The Flyers beat the defending Stanley Cup champion Colorado Avalanche 5-3 on Monday.

(I wrote that as the lede for all the people who just read headlines and opening sentences and nothing else. The reality is that they beat a knock-off version of the Avs. Not only were they starting their backup goalie, but it was the last game of a road trip and they came into it missing nine starters and a tenth – their best player, Nathan MacKinnon – was injured early in the first period and never returned. So, take the notion of beating the Cup champs with a grain of salt.)

It wasn’t as well-played as their loss to New Jersey Saturday. It was good in fits and starts but t was also troublesome in fits and starts, too. There were way too many penalties and turnovers for coach John Tortorella’s liking as he was not nearly as effusive of his team’s effort as he was when he walked off the podium following his shortest press conference of the season this past weekend. 

There was one player though who bailed the Flyers out of several mistakes, allowing for the win, just their second victory in the last 14 games. That player was Carter Hart.

Yes, Colorado scored three goals – the first on an early power play in the opening minutes of the game, and the other two in a span of 37 seconds in the final two minutes of the game. But the 54ish minutes in between, Hart was sensational. And not just because he didn’t allow a goal in that span – the Avalanche had plenty of A1 chances on Hart and in each instance he turned them aside.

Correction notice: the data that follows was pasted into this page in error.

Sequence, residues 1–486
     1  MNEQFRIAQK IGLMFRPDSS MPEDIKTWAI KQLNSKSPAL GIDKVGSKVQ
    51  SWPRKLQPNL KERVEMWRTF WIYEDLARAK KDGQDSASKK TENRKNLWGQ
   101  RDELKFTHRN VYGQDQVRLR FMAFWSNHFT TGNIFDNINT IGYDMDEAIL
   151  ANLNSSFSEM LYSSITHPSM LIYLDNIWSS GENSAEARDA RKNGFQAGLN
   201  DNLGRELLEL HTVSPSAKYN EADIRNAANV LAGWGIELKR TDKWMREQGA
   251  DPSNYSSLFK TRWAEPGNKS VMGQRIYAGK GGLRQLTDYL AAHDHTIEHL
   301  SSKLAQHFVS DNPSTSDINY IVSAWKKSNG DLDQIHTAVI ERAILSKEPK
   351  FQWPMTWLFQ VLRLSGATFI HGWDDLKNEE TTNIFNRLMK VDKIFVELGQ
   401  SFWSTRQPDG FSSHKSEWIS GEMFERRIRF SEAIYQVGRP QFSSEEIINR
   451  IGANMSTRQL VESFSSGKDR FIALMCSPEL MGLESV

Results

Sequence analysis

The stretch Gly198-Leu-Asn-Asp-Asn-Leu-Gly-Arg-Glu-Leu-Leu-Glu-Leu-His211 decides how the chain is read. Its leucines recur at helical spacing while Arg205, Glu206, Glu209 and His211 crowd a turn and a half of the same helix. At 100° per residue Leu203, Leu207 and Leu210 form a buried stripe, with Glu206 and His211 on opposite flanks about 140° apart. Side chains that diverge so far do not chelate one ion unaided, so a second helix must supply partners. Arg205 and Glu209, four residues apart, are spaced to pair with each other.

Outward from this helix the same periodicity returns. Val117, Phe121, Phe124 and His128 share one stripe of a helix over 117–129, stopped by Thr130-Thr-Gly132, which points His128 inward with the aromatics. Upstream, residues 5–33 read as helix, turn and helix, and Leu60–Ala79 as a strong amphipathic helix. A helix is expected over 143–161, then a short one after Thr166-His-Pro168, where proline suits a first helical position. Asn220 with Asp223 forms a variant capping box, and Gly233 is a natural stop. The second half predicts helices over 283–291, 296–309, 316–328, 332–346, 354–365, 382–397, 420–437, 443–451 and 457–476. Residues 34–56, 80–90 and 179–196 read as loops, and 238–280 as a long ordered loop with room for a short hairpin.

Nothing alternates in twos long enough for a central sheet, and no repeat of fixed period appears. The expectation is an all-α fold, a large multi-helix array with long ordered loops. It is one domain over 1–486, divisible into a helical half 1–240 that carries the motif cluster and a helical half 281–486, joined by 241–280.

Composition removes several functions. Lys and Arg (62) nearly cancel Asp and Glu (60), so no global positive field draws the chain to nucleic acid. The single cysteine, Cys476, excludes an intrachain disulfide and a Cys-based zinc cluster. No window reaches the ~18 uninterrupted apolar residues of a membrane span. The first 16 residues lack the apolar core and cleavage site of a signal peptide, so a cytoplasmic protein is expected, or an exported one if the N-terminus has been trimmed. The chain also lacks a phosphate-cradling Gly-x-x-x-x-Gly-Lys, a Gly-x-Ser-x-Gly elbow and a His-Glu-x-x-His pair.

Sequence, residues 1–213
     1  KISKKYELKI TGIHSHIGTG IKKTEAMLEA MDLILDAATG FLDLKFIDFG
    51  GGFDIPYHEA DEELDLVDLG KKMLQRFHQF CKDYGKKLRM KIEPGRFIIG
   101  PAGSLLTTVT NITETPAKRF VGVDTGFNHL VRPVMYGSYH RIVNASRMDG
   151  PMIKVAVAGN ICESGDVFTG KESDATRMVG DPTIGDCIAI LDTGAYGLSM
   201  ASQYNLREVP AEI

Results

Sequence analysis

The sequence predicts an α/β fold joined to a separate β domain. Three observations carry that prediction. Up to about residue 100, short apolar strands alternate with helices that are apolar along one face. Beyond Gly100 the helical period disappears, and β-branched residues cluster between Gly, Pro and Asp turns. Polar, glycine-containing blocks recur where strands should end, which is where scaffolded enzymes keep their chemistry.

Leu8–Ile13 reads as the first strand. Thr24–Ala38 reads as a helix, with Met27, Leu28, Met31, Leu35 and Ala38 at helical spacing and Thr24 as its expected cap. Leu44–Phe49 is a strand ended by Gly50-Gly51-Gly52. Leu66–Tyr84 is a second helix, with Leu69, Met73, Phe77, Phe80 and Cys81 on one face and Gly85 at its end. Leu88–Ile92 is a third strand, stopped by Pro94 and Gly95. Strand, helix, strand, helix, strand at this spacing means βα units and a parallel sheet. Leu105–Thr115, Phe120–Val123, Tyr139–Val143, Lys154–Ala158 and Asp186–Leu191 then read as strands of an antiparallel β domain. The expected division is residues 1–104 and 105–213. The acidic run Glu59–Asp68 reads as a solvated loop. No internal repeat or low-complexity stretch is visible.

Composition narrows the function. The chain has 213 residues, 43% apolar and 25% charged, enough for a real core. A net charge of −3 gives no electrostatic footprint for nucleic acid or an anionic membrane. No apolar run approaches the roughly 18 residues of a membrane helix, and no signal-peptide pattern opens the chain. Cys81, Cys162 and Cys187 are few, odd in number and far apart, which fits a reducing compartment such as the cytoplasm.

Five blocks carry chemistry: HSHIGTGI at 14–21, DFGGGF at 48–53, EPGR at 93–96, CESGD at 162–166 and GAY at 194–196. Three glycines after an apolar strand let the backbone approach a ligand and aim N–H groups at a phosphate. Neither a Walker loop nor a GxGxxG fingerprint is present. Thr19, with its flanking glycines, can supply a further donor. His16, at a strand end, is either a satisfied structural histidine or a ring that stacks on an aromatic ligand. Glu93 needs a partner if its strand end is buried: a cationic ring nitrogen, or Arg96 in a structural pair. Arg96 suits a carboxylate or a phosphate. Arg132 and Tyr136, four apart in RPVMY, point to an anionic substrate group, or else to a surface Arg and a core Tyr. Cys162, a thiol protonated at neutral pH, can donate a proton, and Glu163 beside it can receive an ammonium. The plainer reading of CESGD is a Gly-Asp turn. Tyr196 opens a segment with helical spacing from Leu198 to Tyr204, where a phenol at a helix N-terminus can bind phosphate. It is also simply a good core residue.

According to, Colorado had 22 scoring chances, of which nine were considered “high-danger” chances. Here are some of those nine:

The last stop on Cale Makar was the one that guaranteed the win in my mind. I have to think there were a lot of others like me, both in the building and watching at home who, when they realized it was Makar coming in on the breakaway were thinking, “yeah, this is going to be a goal.”

But Hart wanted a bounce-back game. Easily the Flyers best player so far this season, he took the New Jersey loss on his shoulders because he felt he was responsible for two goals – one because of poor puckhandling and the other for poor positioning. Well, he gave that performance, and for a while it was a virtuoso performance.

The problem is, the Flyers need Hart to have these kinds of games too often. Yes, you can’t be a consistently good team without good goaltending, but you can’t expect your goalie to be Superman in every start either. You need to put up goals, an that’s and area the Flyers have really struggled, but for once they were able to get a five-spot, and that was important.

It was only the sixth time this season the Flyers have scored more than three goals in a game (4-0-2).

“I’m sure Carter felt pretty good in where he has a two, three goal lead,” Tortorela said. “He hasn’t had much of that during the year. The situation we’ve been in this year – it’s hard to be a goaltender with us because you can’t make a mistake because we just have not been able to give him run support. Tonight, we found a way – our power play kicks in a couple. I’m sure that helped him.”

Speaking of the power play….

There’s a reason the Flyers power play entered the game ranked dead last in the NHL. By scoring twice against Colorado they jumped two teams and are now 30th. (Progress!)